Kazakhstan and China: The Outlook for Co-operation
Mr. Yao Peisheng, Chinese Ambassador to Kazakhstan, answers questions from our magazine.
What is your assessment of co-operation in trade and investment between our countries?
Trade and economic co-operation between Kazakhstan and China developed dynamically after diplomatic relations were established. Although bilateral trade was only $368m (by Chinese customs statistical data) in 1992, it surpassed $500m in 1997. In 1998 this indicator was $1bn, and $1.5bn in 2000. Last year trade between Kazakhstan and China made up almost $2bn, with $600m accounted for by Chinese exports. Therefore the annual increase over the past decade was, on average, $160m.
Among the CIS and Baltic States, and the nations of Eastern and Central Europe, Kazakhstan comes second after Russia in China’s foreign trade. Over the past decade China has placed $838.1m of gross direct investment in Kazakhstan and is currently one of the six largest donors to the country. A number of large oil and financial companies from China are operating in your country.
The following figures can be cited when evaluating the potential of our trade and economic relations. In 2002 China’s GDP surpassed $1,000bn and foreign trade stood at $620bn. These indicators were $24.4bn and $16bn respectively in Kazakhstan. The share of our bilateral trade in total foreign trade volume is 0.3% for China and 12% for Kazakhstan. Although this is a great achievement, I believe that we should not stop striving to do even better. The potential of our economies has not yet been realized in full. Today, when the world is integrating economically, there is a constant need for us to boost the level and scale of trade and economic co-operation. I believe that by 2010 our bilateral trade could reach $3bn, and the amount of Chinese investment in Kazakhstan could be $1.5bn.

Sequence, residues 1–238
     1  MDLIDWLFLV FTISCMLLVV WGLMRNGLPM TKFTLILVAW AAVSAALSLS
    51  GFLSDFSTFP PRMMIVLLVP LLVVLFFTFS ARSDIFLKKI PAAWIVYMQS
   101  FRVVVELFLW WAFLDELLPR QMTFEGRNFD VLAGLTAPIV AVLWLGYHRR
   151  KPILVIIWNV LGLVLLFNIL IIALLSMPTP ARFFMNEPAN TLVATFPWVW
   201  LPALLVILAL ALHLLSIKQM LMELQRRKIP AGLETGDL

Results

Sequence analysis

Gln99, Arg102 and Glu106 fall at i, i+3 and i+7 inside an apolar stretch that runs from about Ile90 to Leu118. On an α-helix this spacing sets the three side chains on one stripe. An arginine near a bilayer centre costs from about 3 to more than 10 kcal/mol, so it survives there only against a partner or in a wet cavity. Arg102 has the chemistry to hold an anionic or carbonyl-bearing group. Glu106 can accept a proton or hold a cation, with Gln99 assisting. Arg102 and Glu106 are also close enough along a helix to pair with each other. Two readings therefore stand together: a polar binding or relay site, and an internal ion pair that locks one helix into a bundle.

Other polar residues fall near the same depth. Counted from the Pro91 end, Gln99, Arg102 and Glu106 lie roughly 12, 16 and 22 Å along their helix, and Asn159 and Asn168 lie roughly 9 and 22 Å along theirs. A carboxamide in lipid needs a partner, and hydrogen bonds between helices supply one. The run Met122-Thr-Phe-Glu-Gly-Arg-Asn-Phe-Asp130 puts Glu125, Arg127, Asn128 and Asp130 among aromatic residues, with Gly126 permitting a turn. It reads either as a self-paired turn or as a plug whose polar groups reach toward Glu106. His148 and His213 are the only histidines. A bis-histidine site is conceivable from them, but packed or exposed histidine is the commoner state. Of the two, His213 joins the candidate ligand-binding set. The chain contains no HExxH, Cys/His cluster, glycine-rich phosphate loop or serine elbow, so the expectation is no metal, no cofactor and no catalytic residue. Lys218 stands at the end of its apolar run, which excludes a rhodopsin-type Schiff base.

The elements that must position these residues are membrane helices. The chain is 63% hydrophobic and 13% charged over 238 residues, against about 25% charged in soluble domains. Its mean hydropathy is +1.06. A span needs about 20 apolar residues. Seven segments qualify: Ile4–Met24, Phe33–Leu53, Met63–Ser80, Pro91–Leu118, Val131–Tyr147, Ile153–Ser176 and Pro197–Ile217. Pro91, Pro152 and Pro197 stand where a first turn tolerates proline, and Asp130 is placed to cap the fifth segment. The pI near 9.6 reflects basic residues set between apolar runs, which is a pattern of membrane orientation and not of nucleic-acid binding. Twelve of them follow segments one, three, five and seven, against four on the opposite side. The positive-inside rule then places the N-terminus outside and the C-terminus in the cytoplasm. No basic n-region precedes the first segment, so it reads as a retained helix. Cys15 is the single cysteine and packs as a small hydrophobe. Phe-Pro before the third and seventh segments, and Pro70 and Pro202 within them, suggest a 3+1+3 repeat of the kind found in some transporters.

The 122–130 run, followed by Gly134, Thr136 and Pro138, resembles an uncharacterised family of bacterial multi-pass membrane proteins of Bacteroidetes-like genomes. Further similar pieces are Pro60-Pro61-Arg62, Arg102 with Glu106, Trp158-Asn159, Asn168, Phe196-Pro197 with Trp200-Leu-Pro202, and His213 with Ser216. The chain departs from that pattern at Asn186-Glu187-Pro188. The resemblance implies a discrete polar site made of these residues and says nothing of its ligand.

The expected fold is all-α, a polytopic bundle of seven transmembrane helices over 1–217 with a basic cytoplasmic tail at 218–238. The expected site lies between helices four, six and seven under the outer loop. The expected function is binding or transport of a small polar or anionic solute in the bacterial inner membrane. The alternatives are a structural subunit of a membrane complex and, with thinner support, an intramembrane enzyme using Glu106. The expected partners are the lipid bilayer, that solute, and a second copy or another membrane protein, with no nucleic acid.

Which of the Kazakh economic sectors are the most attractive for Chinese investors? Could you please list the largest investment projects under way in Kazakhstan that involve Chinese capital?
As far as I know, Chinese investors are basically interested in producing oil and gas, foodstuffs, clothing, household equipment, construction materials, paper, and assembling lorries, etcetera. The Chinese are also prepared to reconstruct and build infrastructure facilities in Kazakhstan. China has vast experience and strong technical potential in building motorways and railways, and hopes to co-operate with Kazakhstan in this respect.
The activities of Aktobemunaygaz are a striking example of economic co-operation between our countries. So far, Chinese investors have put some $700m into this project, and the production of crude by the company reached 4.37m tonnes in 2002.
Cin-Kaz is yet another successful joint project. The company produces ketchup and tomato paste which is sold throughout Kazakhstan. The Chinese share in it is over $3m.
In addition, several smaller companies operate in Kazakhstan. They produce construction materials, tobacco goods, paper, and so on.
Of course, the things that I have mentioned do not show the full picture of all that is going on just now. Still, there is no doubt that the foundations have been laid for fruitful economic co-operation, and all we need is to increase the scale and quantity of the joint projects.
What practical moves are being made to implement the Kazakhstan-China oil pipeline project?
The Chinese side are paying close attention to implementing this large-scale project, and the first step in this direction has already been made. In October 2001 the China National Petroleum Company and Kazakhstan’s Transport of Oil and Gas signed a framework agreement on constructing the Kenkiyak-Atyrau oil pipeline. Under the agreement the parties set up the Munaygaz North-Western Pipeline Company in December 2001. The 450-km North-Western oil pipeline begins near the Kenkiyak field and ends in Atyrau.
Construction of the oil pipeline was completed in December 2002. The flow rate of the first stage of the pipeline, which was launched on 28th March 2003, is 6m tonnes per year, and that of the second stage (to be commissioned in 2004) will be 10m tonnes per year.
We know that the Kazakhstani side has signed an agreement with the Hurricane Group on building a Kumkol-Kenkiyak pipeline with a total length of 730km. If its minimum flow rate is guaranteed to be 20m tonnes of oil per year, then we will be prepared to begin construction of the 1200-km Kumkol—Kazakh/Chinese border section.
In your opinion, what are the prospects for developing contacts between our countries for transit transport?